Staying Well: Willow Bend Elementary’s clinic provides health care to Frenship students and siblings under 18

“To me, it’s a blessing from God.”

That’s the way Sophia Macias describes the student health clinic at Willow Bend Elementary School.

Macias has three children at Willow Bend in the first, second and third grades. Her oldest son is a 14-year-old at Terra Vista Middle School, while her youngest child is just a year old. All of them are seen at Willow Bend.

“My 14-year-old, he hates to go to clinic. He thinks they are for people who are dying,” said Macias. “He thinks this is like school. It’s just routine. To him, it’s like no big deal.”

Macias said in the area where she lives, many women do not speak English or drive. They all love being able to get healthcare for their children at the school, where a receptionist speaks Spanish to tell them about the diagnoses for their children.

“The health of our kids is the most important thing in any parent’s life. To have it so conveniently at school, it’s just, it’s just like sending them to school, it’s as simple as that,” she said.

Macias said she works every day at McDonald’s to make ends meet.

“To take a day off, that’s a bill that doesn’t get paid. I don’t take days off, I work every day,” she said. “When my kids get sick, I just get them on the bus, and I send a note. If they can fit them in, they see them. They don’t ever tell me no.”


The student health clinic at Willow Bend is in its second year. During its first year, it was only open to Willow Bend and Reese Education Center, but it is now open to all Frenship students and their siblings age 18 and under. Staff members can now get some medication and immunizations at the clinic as well.

Willow Bend Elementary School has only been open for three years.

“There were health needs and concerns there we saw immediately,” said Steve Burleson, assistant superintendent. “If they (students) are not healthy, they’re not going to learn.”

The need for health care was always there in FISD schools, Burleson said, but it was never as evident as it was once Willow Bend opened. According to the district’s submissions to the Texas Education Agency in October, 73.9 percent of the students Willow Bend serves are economically disadvantaged, a number far higher than the district average of 35.9 percent.

“We were dealing with a lot of issues of kids not getting the care they needed,” said Willow Bend nurse Cathy Mousavi.

Burleson said teachers told him of problems with older elementary school children having to stay home with a baby too sick for daycare because their mother could not afford to take off from work.

Burleson knew of a health clinic in the schools of Hart which was, at times, the only health center in the community. He and Mousavi, as well as then-principal Martha Berry, went to Hart to tour the health clinic, and then went to the state to secure funding. FISD received a three-year grant to start up the clinic. In 2007-08, they received $125,000; this year they received $90,000 and next year they will receive $65,000.

To start up the health clinic, Burleson said FISD partnered with the Texas Tech University Health Sciences Center. Cathy Allen, a nurse practitioner employed by TTUHSC, is on-duty each morning from 8 a.m.-12 p.m.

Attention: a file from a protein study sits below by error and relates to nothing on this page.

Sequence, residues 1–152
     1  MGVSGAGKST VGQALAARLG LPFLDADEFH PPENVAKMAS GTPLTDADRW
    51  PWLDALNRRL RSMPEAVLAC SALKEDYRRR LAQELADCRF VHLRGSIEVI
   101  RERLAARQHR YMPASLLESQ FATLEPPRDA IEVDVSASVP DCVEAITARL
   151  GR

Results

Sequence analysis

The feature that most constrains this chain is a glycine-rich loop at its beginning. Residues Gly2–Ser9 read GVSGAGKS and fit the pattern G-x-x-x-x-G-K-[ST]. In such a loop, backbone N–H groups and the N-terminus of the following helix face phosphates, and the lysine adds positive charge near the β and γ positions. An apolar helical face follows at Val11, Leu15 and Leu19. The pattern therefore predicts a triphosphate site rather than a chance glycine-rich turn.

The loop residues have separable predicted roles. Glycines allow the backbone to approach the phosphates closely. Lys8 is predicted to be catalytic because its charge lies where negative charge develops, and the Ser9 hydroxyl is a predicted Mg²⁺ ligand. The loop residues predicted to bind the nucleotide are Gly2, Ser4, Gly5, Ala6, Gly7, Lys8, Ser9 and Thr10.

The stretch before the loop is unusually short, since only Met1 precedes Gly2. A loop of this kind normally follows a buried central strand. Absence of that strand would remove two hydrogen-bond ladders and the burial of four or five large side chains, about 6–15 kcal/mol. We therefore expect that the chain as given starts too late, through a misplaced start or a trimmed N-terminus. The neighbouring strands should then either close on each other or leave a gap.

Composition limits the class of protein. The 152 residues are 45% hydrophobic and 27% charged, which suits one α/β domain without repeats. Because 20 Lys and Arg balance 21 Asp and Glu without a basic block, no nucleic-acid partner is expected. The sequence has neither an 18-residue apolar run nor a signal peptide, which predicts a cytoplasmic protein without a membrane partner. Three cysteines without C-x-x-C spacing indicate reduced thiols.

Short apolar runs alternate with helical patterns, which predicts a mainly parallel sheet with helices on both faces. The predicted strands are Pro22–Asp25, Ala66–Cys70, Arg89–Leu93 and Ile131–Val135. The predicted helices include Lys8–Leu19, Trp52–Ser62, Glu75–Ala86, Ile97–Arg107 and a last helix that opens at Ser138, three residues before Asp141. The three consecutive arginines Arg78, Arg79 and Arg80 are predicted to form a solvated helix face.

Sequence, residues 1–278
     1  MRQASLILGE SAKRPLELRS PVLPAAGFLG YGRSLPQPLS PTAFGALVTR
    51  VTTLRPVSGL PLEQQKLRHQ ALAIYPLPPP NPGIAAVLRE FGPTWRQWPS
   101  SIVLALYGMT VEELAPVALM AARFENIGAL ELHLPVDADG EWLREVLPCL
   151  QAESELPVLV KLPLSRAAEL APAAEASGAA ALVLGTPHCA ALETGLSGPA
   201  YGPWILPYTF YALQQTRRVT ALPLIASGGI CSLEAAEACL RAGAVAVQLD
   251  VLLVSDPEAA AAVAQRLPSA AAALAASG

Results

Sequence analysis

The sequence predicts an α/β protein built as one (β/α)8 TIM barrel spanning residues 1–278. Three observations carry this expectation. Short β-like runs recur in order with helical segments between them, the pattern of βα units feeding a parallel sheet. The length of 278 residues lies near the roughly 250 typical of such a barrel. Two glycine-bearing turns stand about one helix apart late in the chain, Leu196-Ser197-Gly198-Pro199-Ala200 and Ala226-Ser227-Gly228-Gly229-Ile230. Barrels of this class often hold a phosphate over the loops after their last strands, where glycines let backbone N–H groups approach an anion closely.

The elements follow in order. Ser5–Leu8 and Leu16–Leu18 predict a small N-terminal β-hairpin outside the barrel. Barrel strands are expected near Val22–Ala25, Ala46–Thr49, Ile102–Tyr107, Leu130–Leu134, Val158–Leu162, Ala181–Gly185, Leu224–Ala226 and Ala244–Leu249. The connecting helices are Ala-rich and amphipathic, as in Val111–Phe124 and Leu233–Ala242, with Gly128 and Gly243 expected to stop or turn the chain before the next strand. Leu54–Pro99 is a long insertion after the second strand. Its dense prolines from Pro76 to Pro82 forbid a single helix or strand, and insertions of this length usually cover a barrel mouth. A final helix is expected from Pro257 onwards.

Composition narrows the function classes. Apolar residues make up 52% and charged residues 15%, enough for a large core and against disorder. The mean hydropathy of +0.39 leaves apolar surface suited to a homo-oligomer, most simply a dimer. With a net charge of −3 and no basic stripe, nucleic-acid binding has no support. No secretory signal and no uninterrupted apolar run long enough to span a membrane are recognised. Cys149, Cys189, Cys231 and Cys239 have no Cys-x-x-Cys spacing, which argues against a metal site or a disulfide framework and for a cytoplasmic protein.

Burleson said the school district works with parents to fill out Medicaid or Children’s Health Insurance Program of Texas forms in order to obtain payment for services the children receive at the clinic. The district also accepts health insurance.

“We work with our parents,” he said.

“We are available to any student regardless of their ability to pay,” Mousavi said. The school will also work out payment plans or charge sliding fees for some students.

The effort is helping parents and children in several ways, he said. It is moving health care for basic needs from hospital emergency rooms to a regular clinic, where children will receive quicker service. It also helps students stay in school more.

Parents can fill out paperwork at the beginning of the year and have a child seen during the school day without the parent having to be present, Burleson said.

Psychologist Paul Douthit is now available at the clinic and at Reese once a week, with Dr. Paul Rogers writing prescriptions for behavioral issues such as attention deficit hyperactivity disorder.

Burleson said the district is working to make the health clinic sustainable once the grant money is gone.

“We don’t want to have it three years and shut the doors,” he said. “We need to find other funding to pay for the services of the nurse practitioner and the LVN. That’s the main cost.”

Since Willow Bend is a school designed for growth to 760 students, and it only has 550 students now, there were a few extra classrooms that could be converted to a health clinic, Burleson said. The district took two classrooms at the end of a hall that could be kept secure from the rest of the school building and converted them into a health clinic.

Burleson said the school board has been supportive of the establishment of the clinic.

“We’re excited about it, and it’s one of the things we feel we can give to our district,” he said.

Allen said that in her time as nurse practitioner, one way she has seen the clinic help children is in the number of asthmatics who now have that condition under control.

“Now almost everyone who has asthma has an inhaler in the nurse’s office. We think that’s made a difference” in the number of absences, Allen said.

“We do well checks, we do immunizations, we do flu vaccines, as well as taking care of kids who are sick,” she said.

“I know we have saved kids from going to the emergency room,” Mousavi said.

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